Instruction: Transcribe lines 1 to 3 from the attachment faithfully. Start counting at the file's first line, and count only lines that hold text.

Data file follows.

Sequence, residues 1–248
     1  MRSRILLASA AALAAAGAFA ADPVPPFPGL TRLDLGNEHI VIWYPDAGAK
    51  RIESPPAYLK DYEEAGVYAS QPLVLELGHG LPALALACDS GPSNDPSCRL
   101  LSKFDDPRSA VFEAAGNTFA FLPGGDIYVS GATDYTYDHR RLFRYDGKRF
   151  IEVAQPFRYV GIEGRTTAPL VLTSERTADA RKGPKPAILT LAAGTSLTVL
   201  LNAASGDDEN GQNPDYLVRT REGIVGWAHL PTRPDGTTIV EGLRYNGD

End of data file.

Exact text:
Sequence, residues 1–248
     1  MRSRILLASA AALAAAGAFA ADPVPPFPGL TRLDLGNEHI VIWYPDAGAK
    51  RIESPPAYLK DYEEAGVYAS QPLVLELGHG LPALALACDS GPSNDPSCRL